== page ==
Chris Brown launched into a Twitter temper tantrum over Thanksgiving weekend, engaging in an expletive-filled back-and-forth argument with comedian Jenny Johnson. Brown has since deactivated his account, but his actions have cast him as a poster boy for the modern tweet-first think-later artist.
Of course, picking fights on Twitter isn’t new to Brown, whose history of outbursts isn’t restricted to the Internet. In fact, Johnson’s referring to his 2009 felony assault on on-again, off-again girlfriend Rihanna seemed to have set off the Grammy winner. At one point, Brown’s threats involved the bizarrely specific request to defecate “right on your retina,” not long after Johnson mocked a picture Brown posted of himself noting that he looked “old” for 23.
“Twitter ain’t done nothing but give me trouble,” Brown told MTV News’ Sway Calloway in 2009. “It’s just an outlet to me to talk to my fans directly. People who actually support me and want to know who I am, I get a chance to talk to them. I say little things on there sometimes that might be funny. Sometimes I might be arguing on there. Like, somebody might say something and I might say something back.”
The aftermath of this latest Twitter controversy has Brown facing a wave of negative publicity. But to even begin to understand why the singer continues to be his own worst enemy online, it’s important to note that the micro-blogging site thrives not just on the quick spread of information but on its users’ willingness to tweet quickly — as much on instinct as careful thought. While most users don’t have the same global profile as Brown, he’s not alone in being a musician who has fallen foul of the inappropriate tweet.
Get some help. Seriously. RT @chrisbrown: Just ask Rihanna if she mad??????
— Jenny Johnson (@JennyJohnsonHi5) November 26, 2012
Rappers Asher Roth and Kreayshawn were both lambasted over tweets that were interpreted as being racially offensive: Roth attempted to riff on Don Imus’ “nappy-headed hoes” comment while the Bay Area MC was accused of using the word “n—a,” though she claimed to have been quoting the rapper D.M.X. More recently, Chicago’s gangsta rapper prince-in-waiting, Chief Keef, appeared to mock the murder of 18-year-old rapper Lil JoJo via his Twitter account, a move that brought police attention to his doorstep. (Keef, 17, also saw his Instagram account disabled after posting a picture of a girl performing a sexual act on him while he clutched a handful of dollars.)
A misguided tweet might not be something an artists’ record label can control. Roderick Scott, a publicist at Warner Bros. Records, told us, “While we offer media training for best traditional and social media practices, it is up to the artist’s discretion to what they post on their own networks.” He added, “We can lead a horse to water but can’t make them drink.”
But the idea of encouraging an artist to carefully consider what they post might not even be a goal for those involved with promoting the artist. Another publicist at a major label (who declined to be named) said that Twitter is an artist’s “voice and direct connection to their fan,” and that “fans know what is genuine these days, and creating a false voice doesn’t really aid the artists in the long run.”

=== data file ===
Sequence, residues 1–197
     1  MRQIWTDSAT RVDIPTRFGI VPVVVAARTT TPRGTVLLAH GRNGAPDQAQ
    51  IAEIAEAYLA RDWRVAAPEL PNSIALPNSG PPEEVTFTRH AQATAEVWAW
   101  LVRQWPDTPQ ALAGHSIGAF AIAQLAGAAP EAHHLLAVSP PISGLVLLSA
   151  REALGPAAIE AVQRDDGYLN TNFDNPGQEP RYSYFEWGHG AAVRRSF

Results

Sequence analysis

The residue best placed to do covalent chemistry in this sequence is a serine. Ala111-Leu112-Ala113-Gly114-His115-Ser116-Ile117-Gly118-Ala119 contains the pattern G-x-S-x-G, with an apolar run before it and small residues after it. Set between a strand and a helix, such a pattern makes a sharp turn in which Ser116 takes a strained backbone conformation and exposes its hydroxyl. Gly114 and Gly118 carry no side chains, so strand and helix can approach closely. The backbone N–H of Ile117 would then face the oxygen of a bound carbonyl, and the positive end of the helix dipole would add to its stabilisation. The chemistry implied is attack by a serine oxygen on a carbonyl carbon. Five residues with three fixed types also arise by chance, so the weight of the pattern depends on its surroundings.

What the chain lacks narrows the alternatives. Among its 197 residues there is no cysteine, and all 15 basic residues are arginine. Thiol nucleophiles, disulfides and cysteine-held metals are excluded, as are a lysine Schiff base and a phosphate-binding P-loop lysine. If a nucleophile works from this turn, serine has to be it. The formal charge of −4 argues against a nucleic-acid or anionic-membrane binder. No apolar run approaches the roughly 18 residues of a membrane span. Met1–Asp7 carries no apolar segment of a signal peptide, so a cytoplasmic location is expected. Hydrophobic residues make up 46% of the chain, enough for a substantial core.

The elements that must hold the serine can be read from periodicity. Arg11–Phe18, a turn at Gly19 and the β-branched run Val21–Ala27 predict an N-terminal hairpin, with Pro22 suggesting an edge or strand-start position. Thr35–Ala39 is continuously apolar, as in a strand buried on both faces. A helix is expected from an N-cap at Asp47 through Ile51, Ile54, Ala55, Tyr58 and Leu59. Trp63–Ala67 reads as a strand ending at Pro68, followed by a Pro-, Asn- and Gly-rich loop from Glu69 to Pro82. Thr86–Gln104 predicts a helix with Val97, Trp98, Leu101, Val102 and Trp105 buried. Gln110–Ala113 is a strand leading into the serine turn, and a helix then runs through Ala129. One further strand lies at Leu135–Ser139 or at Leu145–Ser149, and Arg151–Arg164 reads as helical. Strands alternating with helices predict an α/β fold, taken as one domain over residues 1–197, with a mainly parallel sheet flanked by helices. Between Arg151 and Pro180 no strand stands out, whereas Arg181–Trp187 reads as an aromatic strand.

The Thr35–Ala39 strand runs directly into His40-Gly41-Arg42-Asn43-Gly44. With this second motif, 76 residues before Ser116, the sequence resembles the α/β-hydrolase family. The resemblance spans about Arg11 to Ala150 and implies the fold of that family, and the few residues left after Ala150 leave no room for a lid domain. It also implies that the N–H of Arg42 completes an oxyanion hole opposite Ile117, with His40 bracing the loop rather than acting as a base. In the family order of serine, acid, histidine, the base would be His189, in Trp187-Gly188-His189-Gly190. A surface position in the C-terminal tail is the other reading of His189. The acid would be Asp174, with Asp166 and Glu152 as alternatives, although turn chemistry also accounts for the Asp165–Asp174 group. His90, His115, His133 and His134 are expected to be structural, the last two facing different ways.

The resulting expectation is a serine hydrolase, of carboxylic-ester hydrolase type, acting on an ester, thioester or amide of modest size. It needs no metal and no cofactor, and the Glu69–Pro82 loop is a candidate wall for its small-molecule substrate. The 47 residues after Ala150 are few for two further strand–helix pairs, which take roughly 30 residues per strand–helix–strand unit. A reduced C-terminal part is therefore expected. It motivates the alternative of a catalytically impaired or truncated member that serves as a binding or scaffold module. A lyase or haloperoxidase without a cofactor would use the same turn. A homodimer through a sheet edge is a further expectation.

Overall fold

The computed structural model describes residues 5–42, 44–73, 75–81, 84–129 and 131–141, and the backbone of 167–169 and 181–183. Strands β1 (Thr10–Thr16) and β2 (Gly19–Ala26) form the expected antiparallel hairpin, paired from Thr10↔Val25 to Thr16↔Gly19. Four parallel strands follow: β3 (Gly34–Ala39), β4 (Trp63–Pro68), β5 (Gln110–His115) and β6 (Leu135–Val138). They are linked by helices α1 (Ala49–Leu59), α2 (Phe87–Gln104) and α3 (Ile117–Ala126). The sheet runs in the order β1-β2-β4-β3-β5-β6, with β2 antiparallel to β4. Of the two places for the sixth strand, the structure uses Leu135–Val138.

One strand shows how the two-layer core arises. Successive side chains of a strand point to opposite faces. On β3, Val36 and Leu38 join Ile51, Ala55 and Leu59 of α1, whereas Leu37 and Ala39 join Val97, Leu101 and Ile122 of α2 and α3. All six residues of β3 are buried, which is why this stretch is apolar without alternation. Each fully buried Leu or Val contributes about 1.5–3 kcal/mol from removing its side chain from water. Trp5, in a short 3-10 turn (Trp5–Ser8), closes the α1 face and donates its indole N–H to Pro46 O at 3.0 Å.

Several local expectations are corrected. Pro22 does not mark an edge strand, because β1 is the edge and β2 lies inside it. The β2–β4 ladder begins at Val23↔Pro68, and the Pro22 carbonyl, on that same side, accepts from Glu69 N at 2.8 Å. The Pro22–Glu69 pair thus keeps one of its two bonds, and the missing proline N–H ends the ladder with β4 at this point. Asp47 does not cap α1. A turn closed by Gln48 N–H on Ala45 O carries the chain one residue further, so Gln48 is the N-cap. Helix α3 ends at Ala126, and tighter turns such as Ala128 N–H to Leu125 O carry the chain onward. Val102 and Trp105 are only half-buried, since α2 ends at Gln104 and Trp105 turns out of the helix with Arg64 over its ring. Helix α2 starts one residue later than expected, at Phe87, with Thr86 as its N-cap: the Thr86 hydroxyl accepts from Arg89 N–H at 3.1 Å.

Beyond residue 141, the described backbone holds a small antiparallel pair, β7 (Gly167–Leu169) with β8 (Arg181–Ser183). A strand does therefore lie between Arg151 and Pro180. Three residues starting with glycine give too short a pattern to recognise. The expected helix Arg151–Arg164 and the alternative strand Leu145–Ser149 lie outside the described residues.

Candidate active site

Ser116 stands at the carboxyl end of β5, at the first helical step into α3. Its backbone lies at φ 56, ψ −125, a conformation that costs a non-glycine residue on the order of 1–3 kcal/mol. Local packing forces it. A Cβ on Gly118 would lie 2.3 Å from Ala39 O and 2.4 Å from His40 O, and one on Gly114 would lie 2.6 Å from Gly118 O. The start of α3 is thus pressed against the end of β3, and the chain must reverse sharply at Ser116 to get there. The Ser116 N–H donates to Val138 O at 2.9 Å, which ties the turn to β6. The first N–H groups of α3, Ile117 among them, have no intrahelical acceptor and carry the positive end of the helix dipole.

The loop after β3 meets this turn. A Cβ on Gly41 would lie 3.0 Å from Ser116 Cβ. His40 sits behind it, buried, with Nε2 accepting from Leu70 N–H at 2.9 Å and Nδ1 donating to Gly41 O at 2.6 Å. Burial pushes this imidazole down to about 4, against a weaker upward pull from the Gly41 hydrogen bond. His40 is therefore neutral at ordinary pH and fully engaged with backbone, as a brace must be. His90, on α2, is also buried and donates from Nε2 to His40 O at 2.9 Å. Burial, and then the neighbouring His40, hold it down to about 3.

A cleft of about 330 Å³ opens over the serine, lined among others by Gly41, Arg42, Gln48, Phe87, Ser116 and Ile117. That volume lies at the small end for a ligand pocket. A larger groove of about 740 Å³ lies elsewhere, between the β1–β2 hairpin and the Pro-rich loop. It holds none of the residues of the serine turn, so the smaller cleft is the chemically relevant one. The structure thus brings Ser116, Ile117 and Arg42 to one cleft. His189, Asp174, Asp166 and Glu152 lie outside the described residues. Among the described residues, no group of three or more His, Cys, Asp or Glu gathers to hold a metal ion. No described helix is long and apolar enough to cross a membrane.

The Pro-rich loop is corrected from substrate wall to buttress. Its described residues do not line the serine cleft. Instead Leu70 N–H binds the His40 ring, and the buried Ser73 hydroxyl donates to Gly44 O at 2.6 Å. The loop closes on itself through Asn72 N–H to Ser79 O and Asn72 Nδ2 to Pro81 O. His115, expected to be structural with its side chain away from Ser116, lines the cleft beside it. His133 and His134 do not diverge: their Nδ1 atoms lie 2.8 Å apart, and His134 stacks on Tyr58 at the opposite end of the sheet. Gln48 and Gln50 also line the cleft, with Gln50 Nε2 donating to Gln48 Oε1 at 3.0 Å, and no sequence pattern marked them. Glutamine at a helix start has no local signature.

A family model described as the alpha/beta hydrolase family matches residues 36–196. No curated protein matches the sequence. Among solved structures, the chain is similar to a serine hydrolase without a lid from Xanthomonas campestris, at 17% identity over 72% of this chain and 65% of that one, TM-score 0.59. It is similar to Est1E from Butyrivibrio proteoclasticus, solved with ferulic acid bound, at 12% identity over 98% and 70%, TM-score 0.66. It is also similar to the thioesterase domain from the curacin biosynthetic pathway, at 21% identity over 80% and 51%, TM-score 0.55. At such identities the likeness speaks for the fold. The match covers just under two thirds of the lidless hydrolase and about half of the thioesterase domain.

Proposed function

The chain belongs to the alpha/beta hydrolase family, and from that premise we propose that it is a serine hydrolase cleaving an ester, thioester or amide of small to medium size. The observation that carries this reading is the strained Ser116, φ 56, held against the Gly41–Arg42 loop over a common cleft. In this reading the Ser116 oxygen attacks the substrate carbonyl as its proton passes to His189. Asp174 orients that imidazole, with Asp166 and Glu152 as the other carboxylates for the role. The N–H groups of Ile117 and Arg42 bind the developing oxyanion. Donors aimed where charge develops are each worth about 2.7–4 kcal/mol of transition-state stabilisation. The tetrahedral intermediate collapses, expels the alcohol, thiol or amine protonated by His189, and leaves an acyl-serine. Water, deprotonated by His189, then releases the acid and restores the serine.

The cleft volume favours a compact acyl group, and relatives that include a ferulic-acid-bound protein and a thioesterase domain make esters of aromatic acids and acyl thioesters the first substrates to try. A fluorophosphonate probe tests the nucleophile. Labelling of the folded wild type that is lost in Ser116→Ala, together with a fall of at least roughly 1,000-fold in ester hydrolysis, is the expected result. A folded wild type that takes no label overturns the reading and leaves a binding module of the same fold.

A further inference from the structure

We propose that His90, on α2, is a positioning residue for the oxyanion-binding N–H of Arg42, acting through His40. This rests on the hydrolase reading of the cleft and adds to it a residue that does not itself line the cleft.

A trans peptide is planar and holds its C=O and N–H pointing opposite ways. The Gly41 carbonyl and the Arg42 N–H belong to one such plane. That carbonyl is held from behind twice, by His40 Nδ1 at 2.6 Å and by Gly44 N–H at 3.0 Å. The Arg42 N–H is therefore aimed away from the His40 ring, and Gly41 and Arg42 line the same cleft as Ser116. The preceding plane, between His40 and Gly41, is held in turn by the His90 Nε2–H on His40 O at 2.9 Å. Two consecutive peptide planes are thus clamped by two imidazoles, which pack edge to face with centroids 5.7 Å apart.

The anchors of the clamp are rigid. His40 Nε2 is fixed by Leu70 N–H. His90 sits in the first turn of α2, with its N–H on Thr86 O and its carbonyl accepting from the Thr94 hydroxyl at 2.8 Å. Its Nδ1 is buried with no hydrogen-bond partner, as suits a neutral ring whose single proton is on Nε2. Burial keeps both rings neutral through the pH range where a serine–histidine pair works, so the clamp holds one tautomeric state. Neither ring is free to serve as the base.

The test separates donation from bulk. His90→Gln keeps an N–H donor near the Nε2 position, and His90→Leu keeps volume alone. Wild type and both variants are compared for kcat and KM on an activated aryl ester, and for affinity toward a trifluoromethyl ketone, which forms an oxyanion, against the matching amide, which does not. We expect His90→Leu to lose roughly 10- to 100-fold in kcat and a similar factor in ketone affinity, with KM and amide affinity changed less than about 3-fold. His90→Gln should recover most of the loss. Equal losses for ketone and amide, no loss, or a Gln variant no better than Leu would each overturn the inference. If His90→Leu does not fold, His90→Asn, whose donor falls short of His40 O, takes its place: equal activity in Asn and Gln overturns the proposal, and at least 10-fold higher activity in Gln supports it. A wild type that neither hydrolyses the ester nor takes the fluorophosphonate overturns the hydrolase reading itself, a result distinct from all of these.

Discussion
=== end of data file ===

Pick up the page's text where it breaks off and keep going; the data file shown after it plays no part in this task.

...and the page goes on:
Michelle McDevitt, president of the Brooklyn-based Audible Treats PR firm, formerly represented Kreayshawn and agrees with the benefit of an artist’s authentic voice. Asked how she’d advise Brown, she said that in private, she’d tell him to continue with an anger-management program but that “if he’s truly unapologetic, I’d leave it as is [and] not even issue an apology.” She explained, “I hate when an artist messes up and makes some cowardly ass excuse.”
This is a view shared by Alexandra Bianchi, manager of digital marketing at Island Def Jam, who had simple advice for Brown: “Do not engage!”
Dr. Pamela Rutledge, director of the nonprofit Media Psychology Research Center, said that in the case of celebrities like Brown, there’s pressure from fans to “maintain a social front of coolness and hipness,” which causes them to tweet things they might not normally say.
“[He] appeared more concerned with putting down Johnson than with maintaining his image, or, perhaps protecting his image involved vulgarly putting down Johnson,” Rutledge surmised to MTV News. “Without knowing Brown, who’s to know? We do know, however, that impulse control may not be one of his signature strengths, based on the very public abuse of Rihanna,” Rutledge said, referring to any number of impulse control disorders, in which someone is unable to avoid an urge that may harm themself or others.
Public image considerations have changed with the rise of social media, and there might soon be a further twist in the case of Twitter, according to Reggie Ossie, who runs “The Combat Jack” radio show and, in a former career, offered legal counsel to rap and R&B acts during the ’90s. Though being active on Twitter is part of maintaining an artist’s image, with it may soon come the rise of libel action against a slick-tweeting artist.
Ossie points out how cyberbullying has become “more punishable by law than regular bullying” and suggests that with “the amount of libel that takes place daily, I’m more than surprised that we haven’t yet seen a boatload of legal suits. They’re coming though, once cats on the receiving end wise up.”
Should Chris Brown have quit Twitter after this latest incident? Let us know what you think in the comments below.